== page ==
JNIM’s increasing military campaigns against Dan Na Ambassagou, and in Le Pays Dogon in general, have been observed since late 2019 and continued largely unimpeded until late 2021. During this period, Dan Na Ambassagou and Donso militiamen suffered significant losses among the deadliest armed clashes ever recorded by ACLED in Mali. In March 2020, a major battle in Borko village resulted in over 100 reported militiamen fatalities (see graph below). In October 2021, Dan Na Ambassagou and Donso militiamen joined forces in a failed attempt to lift a JNIM blockade on the village of Marebougou, resulting in at least 50 reported fatalities. Amid JNIM’s continued pressure on the movement, Dan Na Ambassagou’s leader, Toloba, has been particularly outspoken about the Malian military’s disengagement in the Mopti region in recent years (Bamada, 2 October 2020; aBamako, 18 December 2020).
However, since late 2021, Malian troops — accompanied by Wagner Group2According to Malian authorities, who cite bilateral military cooperation between Mali and Russia, the Wagner Group does not have an official presence in Mali (Courrier International, 25 December 2021; Xinhua, 15 April 2022). However, accumulating reports indicate that Russian partner forces in Mali are indeed the Wagner Group (RFI, 10 January 2022; CSIS, 2 February 2022; Reuters, 14 April 2022). forces — have renewed military operations in the Mopti region, reviving the cooperation between Dan Na Ambassagou and FAMa. Despite the renewed cooperation, FAMa has since accused some armed self-defense groups of exploiting their renewed engagement to conduct “unorthodox activities and abuses against vulnerable populations, including deliberate acts of revenge” (Forces Armees Maliennes, 16 February 2022).
Dan Na Ambassagou relies on the Dogon community for recruitment, funding, and support (RESOLVE, November 2021). Members of the Dogon community who oppose or undermine Dan Na Ambassagou’s authority are routinely intimidated or attacked. Dan Na Ambassagou has targeted Dogon communities by extorting, abducting, and killing villagers in Bandiagara, Bankass, Douentza, and Koro in the Mopti region; particularly those who refuse to comply with demands for money and recruits or who have agreed to peace agreements with Fulani communities. At the same time, JNIM, has carried out both violent and nonviolent actions against Dogon communities, simultaneously coercing and posing as a mediator and guarantor of peace agreements between Fulani and Dogon communities. Through these actions, JNIM has undermined both Dan Na Ambassagou’s influence and the state forces present in the region. Dan Na Ambassagou maintains strong influence in its traditional stronghold throughout Mopti region, including: on the cliffs of Bandiagara; in the major towns Bandiagara, Bankass, and Douentza; and in the vicinity of these towns. The group frequently runs checkpoints, extorts road users, and abducts people on sections of major transit routes, principally between Bandiagara and Mopti and between Douentza and Konna. However, the group’s influence has waned considerably, particularly in the Seno-Gondo plain, where JNIM and its affiliates conduct sustained military campaigns and engage in peace agreements with communities to assert control.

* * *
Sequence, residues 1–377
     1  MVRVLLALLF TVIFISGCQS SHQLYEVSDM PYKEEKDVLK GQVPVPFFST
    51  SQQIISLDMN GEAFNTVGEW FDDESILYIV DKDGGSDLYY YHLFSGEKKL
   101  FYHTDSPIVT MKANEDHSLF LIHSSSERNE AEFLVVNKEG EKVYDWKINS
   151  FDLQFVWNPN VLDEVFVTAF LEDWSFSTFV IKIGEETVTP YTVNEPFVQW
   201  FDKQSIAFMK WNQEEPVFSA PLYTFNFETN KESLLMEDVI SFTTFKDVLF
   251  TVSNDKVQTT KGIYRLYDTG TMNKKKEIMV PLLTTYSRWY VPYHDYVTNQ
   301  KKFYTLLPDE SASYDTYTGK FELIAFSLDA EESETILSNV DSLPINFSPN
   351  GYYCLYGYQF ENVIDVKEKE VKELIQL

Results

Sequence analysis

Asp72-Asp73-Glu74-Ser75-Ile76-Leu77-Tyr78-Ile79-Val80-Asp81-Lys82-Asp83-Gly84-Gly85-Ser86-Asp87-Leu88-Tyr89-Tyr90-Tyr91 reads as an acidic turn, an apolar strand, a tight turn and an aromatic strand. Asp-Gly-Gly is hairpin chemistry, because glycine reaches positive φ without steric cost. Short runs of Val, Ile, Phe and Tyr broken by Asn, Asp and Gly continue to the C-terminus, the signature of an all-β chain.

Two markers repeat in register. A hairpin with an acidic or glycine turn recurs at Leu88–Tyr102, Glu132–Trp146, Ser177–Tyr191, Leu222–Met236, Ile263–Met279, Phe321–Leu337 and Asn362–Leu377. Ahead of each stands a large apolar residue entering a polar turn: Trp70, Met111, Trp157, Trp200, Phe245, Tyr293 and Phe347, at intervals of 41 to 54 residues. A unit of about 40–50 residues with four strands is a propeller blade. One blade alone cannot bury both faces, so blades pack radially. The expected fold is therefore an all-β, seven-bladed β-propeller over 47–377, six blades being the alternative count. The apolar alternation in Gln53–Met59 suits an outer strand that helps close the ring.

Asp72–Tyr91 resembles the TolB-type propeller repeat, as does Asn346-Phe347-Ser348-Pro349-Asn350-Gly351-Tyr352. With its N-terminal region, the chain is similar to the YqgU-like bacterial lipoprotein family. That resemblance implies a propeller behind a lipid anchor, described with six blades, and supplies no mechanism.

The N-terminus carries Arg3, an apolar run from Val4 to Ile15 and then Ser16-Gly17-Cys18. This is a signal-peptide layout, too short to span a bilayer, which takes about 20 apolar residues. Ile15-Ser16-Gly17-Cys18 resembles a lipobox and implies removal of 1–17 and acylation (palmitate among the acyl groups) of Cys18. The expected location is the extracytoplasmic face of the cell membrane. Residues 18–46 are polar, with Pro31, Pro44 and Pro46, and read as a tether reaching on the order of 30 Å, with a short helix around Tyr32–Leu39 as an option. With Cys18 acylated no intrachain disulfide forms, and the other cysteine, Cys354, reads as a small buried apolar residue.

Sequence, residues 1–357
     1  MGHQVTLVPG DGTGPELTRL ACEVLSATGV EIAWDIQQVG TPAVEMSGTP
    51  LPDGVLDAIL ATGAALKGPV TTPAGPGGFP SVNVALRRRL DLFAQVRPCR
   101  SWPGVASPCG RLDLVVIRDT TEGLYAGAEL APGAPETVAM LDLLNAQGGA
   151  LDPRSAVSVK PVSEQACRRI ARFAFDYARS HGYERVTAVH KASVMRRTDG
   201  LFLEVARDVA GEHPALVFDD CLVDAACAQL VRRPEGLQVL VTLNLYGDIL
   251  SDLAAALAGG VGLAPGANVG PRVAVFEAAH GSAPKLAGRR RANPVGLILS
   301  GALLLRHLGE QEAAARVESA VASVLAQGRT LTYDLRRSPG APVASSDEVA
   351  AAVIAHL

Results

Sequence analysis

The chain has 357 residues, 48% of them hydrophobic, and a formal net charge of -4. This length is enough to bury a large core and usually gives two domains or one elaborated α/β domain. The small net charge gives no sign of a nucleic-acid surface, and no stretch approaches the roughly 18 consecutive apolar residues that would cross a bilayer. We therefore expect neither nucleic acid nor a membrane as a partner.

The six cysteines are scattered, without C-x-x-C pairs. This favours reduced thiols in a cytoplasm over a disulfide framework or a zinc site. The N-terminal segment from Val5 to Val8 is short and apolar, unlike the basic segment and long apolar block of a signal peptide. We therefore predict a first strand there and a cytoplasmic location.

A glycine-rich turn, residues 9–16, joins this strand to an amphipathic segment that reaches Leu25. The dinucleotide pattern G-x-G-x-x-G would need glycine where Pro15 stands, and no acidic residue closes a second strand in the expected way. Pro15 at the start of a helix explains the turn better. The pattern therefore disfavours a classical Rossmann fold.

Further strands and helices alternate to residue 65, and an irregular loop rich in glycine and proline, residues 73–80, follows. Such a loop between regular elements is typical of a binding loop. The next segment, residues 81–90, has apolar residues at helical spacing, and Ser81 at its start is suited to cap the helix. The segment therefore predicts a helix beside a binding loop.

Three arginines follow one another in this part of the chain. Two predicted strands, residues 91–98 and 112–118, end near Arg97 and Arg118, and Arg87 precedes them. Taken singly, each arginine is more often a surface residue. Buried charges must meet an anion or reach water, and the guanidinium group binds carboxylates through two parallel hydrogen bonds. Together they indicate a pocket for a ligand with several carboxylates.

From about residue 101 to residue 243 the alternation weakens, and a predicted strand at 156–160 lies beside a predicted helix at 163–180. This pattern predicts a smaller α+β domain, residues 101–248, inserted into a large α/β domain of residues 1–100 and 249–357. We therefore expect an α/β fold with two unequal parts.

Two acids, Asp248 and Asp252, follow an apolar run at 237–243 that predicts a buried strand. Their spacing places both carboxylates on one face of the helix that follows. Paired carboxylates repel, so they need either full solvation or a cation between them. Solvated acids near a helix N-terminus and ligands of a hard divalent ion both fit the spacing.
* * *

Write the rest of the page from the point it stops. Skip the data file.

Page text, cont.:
Dan Na Ambassagou has repeatedly accused the Fulani of being jihadist militants or complicit in harboring them in their villages and hamlets (HRW, 7 December 2018). The accusations against the Fulani have regularly translated into indiscriminate attacks on the Fulani community. Dan Na Ambassagou is believed to have perpetrated some of the deadliest attacks on civilians in Mali. These include mass atrocities against the Fulani community in Kologoun-Peulh and Ogossagou villages in 2019 (FIDH, 26 March 2019; HRW, 10 February 2020) (see graph below), allegations the group denies.
The massacre in Ogossagou, in which about 160 people were reportedly killed, led to the dismissal of three army chiefs (Le Parisien, 25 March 2019), and the government announcing the dissolution of Dan Na Ambassagou (BBC, 24 March 2019). Ultimately, Dan Na Ambassagou refused to disband (RFI, 28 March 2019), and instead, the government itself resigned under the then Prime Minister Soumeylou Bobeye Maiga (Al Jazeera, 19 April 2019). Despite public outrage at Dan Na Ambassagou’s indiscriminate attacks, the group managed to soften the pressure to disband. It is noteworthy that the number of deaths caused by Dan Na Ambassagou has decreased significantly since the beginning of 2020 (see graph above), and coincides with increasing pressure from militants and the disengagement of the Malian military.
FAMa, along with the Wagner Group, regained ground in central Mali during military operations that began in late 2021. The downward trend observed in 2021 for civilian fatalities has since been reversed due to the attacks on civilians by Malian government forces during these operations. Given their poor human rights records and involvement in mass atrocities, the probability of closer cooperation between FAMa, the Wagner Group, and Dan Na Ambassagou is also a cause for concern. The effective return of FAMa could alter the already delicate balance of power between armed non-state actors and trigger further abuses and revenge attacks. Subsequently, their return could lead to even more devastating cycles of violence and instability, in addition to the ongoing attacks on civilians amid military operations. Like many other state forces in the region, Malian government forces continue to struggle to sustain pressure on militant groups, maintain a presence in many areas, and provide stability. Therefore, another withdrawal cannot be ruled out, as this is a regular pattern that has prevailed in the Sahel region for years. With Dan Na Ambassagou and similar groups currently reorganizing amid the return of the Malian military alongside the Wagner Group, renewed cycles of violence are likely to occur into the future.